Castañeda type of reality exists side by side with the violent, hard-drinking life of loggers soon threatened to lose their jobs, a mother suffering from Parkinson's disease and two aging grandparents. All of this turmoil is worked out against a backdrop of a remote and wooded logging town that in all respects is never far from the wilderness.

The bush knew its time was near. It would creep in the moment they rolled down island on holiday. It would begin on the company side of town: the bush reclaiming the town, turning the dead wood of the loggers' houses to dirt where new trees could take root. . . .

The stone path would disappear at night.

It is in passages like this that Darlene

Quaife really shines. The novel tumbles with vivid imagery. Occasionally, the description strays into the overblown.

She liked the jumble of crackerjack words and suds in her heads, the beer foamed and kept everything bubbling. The crystalline words she missed went into the sky and cracked in starfire like burnt sugar. She watched the stars brighten on the sweet fuel.

Caught up in her private circus, she didn't hear Tim step through the door.

For the most part, however, the writer has weeded out overwritten passages. Her evocative, sensual descriptions provide the texture of the real place, as well as the mystical. They also build the strong sense of femaleness permeating this novel which, besides being about the tension between two different realities and cultures, is about the power and powerlessness of being female. This is an ambitious novel, not recommended for those who prefer a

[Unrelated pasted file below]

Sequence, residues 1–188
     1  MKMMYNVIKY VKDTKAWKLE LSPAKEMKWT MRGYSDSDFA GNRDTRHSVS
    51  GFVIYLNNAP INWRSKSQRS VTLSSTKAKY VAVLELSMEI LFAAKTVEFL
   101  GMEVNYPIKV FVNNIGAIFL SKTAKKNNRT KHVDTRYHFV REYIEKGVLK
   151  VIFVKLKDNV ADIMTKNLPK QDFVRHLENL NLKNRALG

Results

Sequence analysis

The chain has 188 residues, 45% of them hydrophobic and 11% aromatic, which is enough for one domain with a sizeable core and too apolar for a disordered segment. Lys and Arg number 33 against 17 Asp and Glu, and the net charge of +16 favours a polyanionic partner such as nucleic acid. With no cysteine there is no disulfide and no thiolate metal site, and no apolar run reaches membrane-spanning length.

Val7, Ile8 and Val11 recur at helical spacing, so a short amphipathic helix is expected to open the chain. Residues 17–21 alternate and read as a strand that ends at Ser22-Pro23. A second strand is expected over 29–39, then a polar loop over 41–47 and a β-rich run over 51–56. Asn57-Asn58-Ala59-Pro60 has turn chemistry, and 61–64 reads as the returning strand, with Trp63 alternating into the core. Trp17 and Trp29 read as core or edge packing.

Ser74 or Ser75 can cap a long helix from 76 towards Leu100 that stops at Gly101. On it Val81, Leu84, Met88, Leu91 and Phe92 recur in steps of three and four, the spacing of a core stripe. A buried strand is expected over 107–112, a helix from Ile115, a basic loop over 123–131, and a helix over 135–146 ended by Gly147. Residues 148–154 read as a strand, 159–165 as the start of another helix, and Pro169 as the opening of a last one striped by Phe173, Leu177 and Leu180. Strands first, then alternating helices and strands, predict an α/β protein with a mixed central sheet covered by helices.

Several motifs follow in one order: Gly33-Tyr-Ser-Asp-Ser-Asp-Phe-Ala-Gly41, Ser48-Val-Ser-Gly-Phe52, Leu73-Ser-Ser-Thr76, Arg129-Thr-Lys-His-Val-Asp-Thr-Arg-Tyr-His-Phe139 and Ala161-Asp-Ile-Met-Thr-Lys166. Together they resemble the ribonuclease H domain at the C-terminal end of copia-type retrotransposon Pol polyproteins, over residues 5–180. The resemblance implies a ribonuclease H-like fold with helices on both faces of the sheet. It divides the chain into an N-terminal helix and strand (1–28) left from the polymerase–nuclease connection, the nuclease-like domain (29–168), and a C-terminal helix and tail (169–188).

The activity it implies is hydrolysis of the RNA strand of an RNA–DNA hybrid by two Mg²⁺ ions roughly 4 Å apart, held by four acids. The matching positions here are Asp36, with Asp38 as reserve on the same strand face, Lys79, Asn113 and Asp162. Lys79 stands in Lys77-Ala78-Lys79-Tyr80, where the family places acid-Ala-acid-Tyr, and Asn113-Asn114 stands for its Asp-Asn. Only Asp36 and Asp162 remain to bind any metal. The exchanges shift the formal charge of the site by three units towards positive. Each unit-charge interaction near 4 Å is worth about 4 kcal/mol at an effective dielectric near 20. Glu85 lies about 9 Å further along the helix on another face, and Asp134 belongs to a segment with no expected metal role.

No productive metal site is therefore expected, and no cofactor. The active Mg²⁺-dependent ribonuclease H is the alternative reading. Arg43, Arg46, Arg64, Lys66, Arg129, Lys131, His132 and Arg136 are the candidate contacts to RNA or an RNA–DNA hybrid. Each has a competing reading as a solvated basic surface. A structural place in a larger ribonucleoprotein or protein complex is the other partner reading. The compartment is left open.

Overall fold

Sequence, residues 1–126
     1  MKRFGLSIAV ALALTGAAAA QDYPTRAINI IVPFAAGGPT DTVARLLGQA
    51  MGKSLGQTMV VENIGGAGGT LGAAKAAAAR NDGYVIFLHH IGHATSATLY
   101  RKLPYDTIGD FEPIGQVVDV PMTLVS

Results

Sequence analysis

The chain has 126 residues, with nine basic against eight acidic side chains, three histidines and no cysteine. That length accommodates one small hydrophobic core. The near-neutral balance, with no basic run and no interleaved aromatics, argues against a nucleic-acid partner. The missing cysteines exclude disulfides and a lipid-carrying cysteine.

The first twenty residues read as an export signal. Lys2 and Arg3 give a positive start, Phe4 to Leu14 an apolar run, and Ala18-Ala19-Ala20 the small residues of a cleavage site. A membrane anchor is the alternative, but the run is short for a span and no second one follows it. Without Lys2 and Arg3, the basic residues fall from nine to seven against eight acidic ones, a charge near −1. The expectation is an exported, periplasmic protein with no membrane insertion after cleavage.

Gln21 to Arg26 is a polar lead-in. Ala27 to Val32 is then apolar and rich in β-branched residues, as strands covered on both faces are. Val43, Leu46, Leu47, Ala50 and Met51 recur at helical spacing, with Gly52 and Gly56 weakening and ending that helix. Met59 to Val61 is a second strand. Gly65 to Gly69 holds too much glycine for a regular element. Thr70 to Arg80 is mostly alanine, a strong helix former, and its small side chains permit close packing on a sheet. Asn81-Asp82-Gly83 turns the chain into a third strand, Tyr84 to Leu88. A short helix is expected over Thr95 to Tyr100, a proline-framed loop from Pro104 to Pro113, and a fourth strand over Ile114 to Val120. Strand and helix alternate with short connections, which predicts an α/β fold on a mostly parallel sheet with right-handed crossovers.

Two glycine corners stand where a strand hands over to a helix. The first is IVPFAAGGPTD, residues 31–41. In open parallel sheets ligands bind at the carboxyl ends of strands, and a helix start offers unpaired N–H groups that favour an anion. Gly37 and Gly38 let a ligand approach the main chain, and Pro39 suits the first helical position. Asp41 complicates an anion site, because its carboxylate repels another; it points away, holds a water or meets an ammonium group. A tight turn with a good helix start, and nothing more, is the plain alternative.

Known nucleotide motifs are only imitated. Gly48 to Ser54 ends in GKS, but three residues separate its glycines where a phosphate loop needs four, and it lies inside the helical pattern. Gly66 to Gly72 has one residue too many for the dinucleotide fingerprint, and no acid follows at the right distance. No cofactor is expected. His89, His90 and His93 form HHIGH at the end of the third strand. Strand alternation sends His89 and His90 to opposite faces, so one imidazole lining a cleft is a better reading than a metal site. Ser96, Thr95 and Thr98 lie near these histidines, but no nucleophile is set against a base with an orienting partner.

'quick read,' but rather for those who enjoy books that are quietly and unobtrusively provocative.

Refreshing is the word that first comes to mind when describing To Run with

Longboat by Brenda Zeman. Much of the book's success comes from the author's energy and enthusiasm for the people about whom and with whom this book was written. It could be said that writing this book was a labour of love since Brenda Zeman required a good deal of tenacity and persistence to track down the people who, one way and another, are involved in the stories which are about Indian athletes who have distinguished themselves in sports: Tom Longboat, Jimmy Rattlesnake, Freddie Sasakamoose, Jim Gladstone, Roger Adolph, Sharon and Shirley



Firth, Steve Collins, Ross Powless, Jack

Jacobs, Everett Sanipass, Alwyn Morris,

Paul Acoose. Brenda Zeman uses a variety of techniques to tell the stories. Often she has the athletes speaking for themselves.

Where this hasn't been possible, she has assembled the points of view of those who knew the athlete or filled in the stories herself in the manner of a literary journalist. In one case, the author or authors, since the book is very much a collaboration, tells the story through an exchange of letters; in another she relies on a dramatic script. This latter way of telling the story did not work for me as well as the others. It struck me as contrived whereas in the rest of the book there was great naturalness in the telling. Each section features an athlete (in one case twins), and begins with a beautiful painting by

Wilton Littlechild and ends with a page of snapshots, mostly from family albums.

This is an inspiring book. In every case the athletes show enormous determination as they struggle against odds that would have defeated others. The strong sense of community is evident throughout the book, community meaning not only the athletes' cultural history but also the support of family and friends. The sense of loss, of separation, of longing is everywhere in these stories. The reader feels the dislocation of an athlete competing in